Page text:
A: I had a teaching certificate, so I taught English in a school for American kids in Taiwan at the height of the Vietnam War. It was a really interesting (time) to be there. I had finished my master's and then gone to Asia. My sister and her husband were Protestant missionaries, and this school was run by Protestant missionaries and the military. (I) worked in this school for one year.
I fell in love with Ann Arbor (Mich.), where I did my graduate year. I ended up as an administrative assistant in a church. I did that for five or six years, and that's where I got really interested in theater and the theatrical aspects of worship. I decided to go back and study theater because I didn't know much about it. Shortly after that was when personal computers were just starting to open up, and people were using them in their businesses, and I discovered I had a marketable skill. I was a technical writer. I did that for a few years. … Rick and I had known each other, but that's when we started dating. We knew each other through this church. That's when we started dating and got married.
Q: Any advice for women in the restaurant industry?
A: You can be nurturing; you can be strong at the same time. You can be a leader. You don't have to take the traditional male model and use it. You can do it all through your own personalities, whatever they may be. And, also, one of the obviously big problems for women is, what about children in this picture? There are as many solutions as there are people. Just be creative about it.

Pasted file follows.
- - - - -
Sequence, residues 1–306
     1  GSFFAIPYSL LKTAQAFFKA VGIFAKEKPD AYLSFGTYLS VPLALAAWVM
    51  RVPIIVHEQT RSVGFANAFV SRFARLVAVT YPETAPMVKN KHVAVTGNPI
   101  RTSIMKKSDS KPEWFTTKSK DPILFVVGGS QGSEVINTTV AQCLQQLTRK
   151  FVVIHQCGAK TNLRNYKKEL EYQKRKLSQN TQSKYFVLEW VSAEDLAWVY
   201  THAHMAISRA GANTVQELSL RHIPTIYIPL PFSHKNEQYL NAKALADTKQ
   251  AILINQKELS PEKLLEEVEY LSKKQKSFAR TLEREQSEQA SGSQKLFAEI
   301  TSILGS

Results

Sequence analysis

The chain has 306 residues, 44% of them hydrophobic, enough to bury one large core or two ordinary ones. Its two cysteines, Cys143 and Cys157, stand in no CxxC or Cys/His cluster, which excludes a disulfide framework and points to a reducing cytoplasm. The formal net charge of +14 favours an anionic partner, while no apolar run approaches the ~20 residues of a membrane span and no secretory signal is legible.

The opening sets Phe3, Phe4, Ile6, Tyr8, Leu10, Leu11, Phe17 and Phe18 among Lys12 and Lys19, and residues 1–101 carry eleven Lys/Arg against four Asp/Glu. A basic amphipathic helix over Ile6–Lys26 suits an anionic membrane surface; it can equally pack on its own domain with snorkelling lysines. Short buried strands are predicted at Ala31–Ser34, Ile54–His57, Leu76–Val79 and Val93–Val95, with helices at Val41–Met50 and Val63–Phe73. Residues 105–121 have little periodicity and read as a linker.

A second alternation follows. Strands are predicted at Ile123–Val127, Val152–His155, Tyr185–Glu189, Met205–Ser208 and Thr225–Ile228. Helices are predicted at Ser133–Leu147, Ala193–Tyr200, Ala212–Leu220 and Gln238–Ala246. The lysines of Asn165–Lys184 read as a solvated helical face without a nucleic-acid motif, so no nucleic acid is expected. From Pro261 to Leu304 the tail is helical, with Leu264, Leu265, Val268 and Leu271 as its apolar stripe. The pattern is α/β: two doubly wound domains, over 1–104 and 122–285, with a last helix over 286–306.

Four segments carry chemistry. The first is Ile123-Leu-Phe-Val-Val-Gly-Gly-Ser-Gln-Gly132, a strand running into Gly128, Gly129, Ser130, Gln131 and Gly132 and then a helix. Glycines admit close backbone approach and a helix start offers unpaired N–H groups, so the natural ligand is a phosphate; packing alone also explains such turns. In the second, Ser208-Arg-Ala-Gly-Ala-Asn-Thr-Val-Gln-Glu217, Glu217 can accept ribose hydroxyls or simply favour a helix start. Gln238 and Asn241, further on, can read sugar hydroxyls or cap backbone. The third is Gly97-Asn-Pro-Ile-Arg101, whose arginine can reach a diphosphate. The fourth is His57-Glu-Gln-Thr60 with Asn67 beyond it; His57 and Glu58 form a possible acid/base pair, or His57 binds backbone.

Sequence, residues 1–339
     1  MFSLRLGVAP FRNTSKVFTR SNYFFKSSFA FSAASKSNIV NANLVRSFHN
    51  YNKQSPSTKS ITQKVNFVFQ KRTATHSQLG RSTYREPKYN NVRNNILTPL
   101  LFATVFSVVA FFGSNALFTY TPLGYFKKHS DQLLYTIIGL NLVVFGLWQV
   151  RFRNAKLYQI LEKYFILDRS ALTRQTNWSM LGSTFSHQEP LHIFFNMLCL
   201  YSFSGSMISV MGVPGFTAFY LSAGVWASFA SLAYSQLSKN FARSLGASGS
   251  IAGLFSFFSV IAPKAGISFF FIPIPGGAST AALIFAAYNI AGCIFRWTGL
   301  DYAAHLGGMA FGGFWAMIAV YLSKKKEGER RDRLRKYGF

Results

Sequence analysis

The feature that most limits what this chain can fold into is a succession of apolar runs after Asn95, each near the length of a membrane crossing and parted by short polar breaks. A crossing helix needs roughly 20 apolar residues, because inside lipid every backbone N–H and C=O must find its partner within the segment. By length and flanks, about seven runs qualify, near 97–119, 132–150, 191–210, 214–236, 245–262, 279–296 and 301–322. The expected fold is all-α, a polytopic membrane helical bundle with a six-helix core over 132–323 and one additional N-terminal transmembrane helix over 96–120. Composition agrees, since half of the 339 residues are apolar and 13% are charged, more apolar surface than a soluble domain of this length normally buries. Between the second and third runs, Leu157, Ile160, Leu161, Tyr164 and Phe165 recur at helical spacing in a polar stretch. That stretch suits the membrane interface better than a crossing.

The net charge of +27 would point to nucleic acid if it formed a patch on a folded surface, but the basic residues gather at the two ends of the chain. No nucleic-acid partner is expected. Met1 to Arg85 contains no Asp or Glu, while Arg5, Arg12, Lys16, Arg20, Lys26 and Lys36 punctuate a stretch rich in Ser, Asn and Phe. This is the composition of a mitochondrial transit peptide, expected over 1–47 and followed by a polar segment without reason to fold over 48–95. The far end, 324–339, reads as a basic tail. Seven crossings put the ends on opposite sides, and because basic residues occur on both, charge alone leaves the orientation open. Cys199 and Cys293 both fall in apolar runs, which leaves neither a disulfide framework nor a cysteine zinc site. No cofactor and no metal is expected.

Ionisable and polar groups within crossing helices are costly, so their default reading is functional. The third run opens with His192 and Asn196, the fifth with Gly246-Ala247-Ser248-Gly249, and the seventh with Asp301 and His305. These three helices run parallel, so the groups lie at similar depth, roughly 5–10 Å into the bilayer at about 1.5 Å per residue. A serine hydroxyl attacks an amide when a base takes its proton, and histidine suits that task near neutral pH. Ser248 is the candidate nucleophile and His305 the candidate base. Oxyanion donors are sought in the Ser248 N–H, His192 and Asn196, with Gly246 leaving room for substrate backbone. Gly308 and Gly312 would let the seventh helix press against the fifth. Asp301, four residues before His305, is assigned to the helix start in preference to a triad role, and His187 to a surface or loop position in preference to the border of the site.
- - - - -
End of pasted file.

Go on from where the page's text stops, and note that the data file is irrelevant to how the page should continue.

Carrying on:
Q: Is there anything you do that might surprise people?
A: I like to watch "Friends." The reruns. I love it. I usually fall asleep watching it on my iPad. It's silly and sweet and fun. It makes me laugh.
Q: What are you reading now?
A: I'm now (into) strong woman historical mysteries. It's a genre. I have dubbed it that. I love Jacqueline Winspear, and I love Tasha Alexander, but then I pepper it with other stuff too. I love Alexander McCall Smith and both his Africa series and his Scotland series. I love characters. I love to get involved in stories.
Q: It sounds as if reading is what you do to find inspiration.
A: Yep, I read a lot when I'm looking for (inspiration). But I'm really interested in spirituality, not religion. I grew up in a very religious family. I know the Protestant world backward and forward. I went to Protestant grade school, high school and college.
Q: What spiritual themes interest you?
A: I've read a lot of Buddhism, and I still read a lot of Christian stuff. I'm interested in this whole thing of meditation and being focused, being open to the moment and to the connection to the greater universe, God, whatever word you want to give it.
Q: Do you find it translates to life, to work?